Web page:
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Low Beta Alternative ETFs for a Rocky Market

China, the main stock market culprit last year, continued to play foul with the start of the New Year. This is especially true as weak manufacturing data for the tenth consecutive month and further devaluation of the Chinese currency halted stock trading in China for the second time in the first trading week of January. This resulted in fresh fears over a slowdown in the world’s second largest economy and its global repercussions.

In addition, escalating tensions in the Middle East, sliding oil prices, weak earnings expectations, diverging monetary policies, a strong dollar, weakness in many developed and developing economies and uncertainty in the timing of the next rate hike continued to drag the stocks lower (read: China Crash Spoils New Year Mood: ETFs in Focus).

Further, the World Bank cut its growth forecast for the global economy to 2.9% for this year from its previous projection of 3.3%, citing that slowdown in one of the big emerging market countries and more-than-expected slowdown in Brazil and Russia have worsened the already bleak global economic outlook.
    
Amid these uncertainties, investors are seeking exposure to alternative sources of income rather than equity and bonds. For these investors, an allocation to low beta funds could be the safest, for as long as the disorder lingers.

Why Low Beta?

Beta measures the price volatility of the stocks or funds relative to the overall market. It has direct relationship to market movements. A beta of 1 indicates that the price of the stock or fund tends to move with the broader market. A beta of more than 1 indicates that the price tends to move higher than the broader market and is extremely volatile while a beta of less than 1 indicates that the price of the stock or fund is less volatile than the market.

With that being said, low beta ETFs exhibit greater levels of stability than their market-sensitive counterparts and will usually lose less when the market is crumbling. Though these have lesser risks and lower returns, the funds are considered safe and resilient amid uncertainty. However, when markets soar, these low beta funds experience lesser gains than the broader market counterparts and thus, lag their peers.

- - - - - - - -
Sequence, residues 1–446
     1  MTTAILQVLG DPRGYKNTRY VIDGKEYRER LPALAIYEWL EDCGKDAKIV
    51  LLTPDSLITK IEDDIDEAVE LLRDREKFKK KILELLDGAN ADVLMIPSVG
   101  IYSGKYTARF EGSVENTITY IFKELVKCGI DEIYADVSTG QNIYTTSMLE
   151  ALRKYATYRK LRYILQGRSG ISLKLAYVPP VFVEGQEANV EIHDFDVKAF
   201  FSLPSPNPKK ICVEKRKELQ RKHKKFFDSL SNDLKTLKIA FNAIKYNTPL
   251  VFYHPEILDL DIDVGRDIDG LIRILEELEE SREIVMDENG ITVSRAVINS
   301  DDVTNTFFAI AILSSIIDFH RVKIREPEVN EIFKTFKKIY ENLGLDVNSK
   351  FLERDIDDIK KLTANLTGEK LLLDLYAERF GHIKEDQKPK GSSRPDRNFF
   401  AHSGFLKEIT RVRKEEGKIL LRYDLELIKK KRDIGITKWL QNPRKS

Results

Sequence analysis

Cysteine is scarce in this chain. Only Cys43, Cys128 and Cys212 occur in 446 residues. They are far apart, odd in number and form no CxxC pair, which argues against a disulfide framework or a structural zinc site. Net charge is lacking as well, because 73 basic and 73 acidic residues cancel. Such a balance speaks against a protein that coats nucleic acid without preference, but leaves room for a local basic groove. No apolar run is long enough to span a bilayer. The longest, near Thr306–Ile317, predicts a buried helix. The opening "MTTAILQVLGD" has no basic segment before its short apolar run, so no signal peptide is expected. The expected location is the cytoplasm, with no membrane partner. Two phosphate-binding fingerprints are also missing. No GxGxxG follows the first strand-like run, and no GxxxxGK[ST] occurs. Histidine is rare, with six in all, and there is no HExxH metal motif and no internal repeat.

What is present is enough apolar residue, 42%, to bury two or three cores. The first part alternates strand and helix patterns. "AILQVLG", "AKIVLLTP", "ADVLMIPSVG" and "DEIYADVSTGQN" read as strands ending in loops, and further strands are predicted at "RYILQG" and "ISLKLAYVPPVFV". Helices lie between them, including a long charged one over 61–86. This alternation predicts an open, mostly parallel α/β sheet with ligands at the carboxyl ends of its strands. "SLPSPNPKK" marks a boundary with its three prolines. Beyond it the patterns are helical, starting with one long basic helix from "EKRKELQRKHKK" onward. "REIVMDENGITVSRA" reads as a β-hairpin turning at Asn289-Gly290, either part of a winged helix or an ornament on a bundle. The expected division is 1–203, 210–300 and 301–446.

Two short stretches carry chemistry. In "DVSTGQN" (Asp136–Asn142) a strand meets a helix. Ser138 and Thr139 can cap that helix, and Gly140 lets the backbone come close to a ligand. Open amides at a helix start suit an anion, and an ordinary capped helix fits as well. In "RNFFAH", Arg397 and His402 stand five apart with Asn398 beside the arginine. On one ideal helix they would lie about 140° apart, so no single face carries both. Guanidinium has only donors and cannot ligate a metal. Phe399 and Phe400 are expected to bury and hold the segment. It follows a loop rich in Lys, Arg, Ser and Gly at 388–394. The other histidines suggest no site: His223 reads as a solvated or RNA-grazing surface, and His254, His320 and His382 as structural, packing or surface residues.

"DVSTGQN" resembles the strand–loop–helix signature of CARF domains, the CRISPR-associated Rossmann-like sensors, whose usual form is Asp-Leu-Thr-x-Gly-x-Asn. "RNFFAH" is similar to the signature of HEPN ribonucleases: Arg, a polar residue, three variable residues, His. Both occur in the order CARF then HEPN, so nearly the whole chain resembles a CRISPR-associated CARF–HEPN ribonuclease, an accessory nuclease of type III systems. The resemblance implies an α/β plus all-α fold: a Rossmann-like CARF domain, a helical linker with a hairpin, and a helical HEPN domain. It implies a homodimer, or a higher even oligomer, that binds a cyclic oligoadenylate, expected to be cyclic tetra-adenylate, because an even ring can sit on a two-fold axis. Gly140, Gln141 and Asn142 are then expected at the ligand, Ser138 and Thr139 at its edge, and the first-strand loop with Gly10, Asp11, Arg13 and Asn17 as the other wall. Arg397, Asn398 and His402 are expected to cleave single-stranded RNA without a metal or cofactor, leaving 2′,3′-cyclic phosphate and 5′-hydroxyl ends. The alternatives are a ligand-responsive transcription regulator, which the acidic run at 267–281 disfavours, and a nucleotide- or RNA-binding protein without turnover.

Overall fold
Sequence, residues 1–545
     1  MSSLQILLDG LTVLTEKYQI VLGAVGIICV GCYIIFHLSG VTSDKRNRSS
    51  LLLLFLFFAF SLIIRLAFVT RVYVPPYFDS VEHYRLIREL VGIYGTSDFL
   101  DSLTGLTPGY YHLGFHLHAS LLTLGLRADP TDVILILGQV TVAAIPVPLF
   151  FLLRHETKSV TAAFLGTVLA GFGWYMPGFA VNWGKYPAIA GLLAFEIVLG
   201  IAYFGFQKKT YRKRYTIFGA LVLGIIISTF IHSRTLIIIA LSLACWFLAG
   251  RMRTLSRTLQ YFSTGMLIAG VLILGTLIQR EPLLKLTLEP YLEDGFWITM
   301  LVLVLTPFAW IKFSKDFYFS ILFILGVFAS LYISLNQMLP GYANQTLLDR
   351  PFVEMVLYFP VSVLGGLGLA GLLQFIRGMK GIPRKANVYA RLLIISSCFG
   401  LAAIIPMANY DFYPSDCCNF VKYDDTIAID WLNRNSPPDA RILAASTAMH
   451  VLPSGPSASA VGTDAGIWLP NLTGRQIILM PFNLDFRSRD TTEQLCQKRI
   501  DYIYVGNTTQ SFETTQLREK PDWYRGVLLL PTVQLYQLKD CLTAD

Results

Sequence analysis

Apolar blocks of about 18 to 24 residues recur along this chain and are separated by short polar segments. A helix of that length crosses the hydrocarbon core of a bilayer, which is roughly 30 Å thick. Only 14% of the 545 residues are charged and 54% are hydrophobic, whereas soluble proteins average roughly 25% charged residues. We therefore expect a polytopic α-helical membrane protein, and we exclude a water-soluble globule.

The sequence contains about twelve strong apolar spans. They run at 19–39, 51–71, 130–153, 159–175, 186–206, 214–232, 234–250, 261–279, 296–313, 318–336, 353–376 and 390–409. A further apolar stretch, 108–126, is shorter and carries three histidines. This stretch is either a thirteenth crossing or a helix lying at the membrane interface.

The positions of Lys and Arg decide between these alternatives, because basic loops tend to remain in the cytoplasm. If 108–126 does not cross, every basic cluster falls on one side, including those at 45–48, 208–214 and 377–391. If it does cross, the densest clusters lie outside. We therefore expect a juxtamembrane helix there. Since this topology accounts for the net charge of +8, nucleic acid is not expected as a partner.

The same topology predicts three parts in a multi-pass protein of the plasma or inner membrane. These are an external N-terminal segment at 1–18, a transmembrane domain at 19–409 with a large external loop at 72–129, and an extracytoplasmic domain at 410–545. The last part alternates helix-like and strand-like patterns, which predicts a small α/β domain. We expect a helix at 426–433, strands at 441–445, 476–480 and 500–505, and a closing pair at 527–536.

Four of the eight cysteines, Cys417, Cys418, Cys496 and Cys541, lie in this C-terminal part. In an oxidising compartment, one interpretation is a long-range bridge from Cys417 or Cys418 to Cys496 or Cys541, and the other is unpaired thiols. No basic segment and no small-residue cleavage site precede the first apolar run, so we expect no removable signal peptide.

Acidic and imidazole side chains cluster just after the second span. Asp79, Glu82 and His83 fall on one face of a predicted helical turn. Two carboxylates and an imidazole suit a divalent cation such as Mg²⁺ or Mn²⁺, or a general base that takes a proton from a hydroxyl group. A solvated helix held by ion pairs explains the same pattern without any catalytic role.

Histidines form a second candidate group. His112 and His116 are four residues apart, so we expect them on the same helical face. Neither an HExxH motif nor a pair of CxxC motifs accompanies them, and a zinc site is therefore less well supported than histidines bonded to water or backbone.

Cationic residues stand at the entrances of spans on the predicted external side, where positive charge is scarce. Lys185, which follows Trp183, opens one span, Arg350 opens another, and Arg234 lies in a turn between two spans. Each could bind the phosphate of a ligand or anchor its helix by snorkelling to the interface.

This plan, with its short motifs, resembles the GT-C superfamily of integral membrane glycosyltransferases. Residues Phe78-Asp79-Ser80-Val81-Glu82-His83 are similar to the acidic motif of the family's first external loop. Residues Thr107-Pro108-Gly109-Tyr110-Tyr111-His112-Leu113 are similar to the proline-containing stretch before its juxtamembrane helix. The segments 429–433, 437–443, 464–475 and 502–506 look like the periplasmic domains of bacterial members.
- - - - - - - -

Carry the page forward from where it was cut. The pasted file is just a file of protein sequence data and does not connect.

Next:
Given the huge levels of volatility in the market, investors could find the following ETFs as intriguing options until the market track becomes clear (read: Market Stings? 6 Techniques for a Winning ETF Portfolio).
 
QuantShares U.S. Market Neutral Size Fund (SIZ): Beta - 0.06

This fund invests in low capitalization securities while at the same time short high capitalization stocks of approximately equal dollar amounts within each sector. It seeks to deliver the spread return between high- and low-ranked stocks. This can easily be done by tracking the Dow Jones U.S. Thematic Market Neutral Size Index.

The product holds a long position in 200 stocks and a short position in another basket of 200 stocks. It will generate positive returns when the basket of long stocks outperforms the short portfolio. The fund is expensive charging 1.49% in fees per year and trades in a paltry volume of under 3,000 shares per day. SIZ has accumulated $2.1 million in its asset base and added 1.3% in the first week of 2016.

ProShares Morningstar Alternatives Solution ETF (ALTS): Beta - 0.08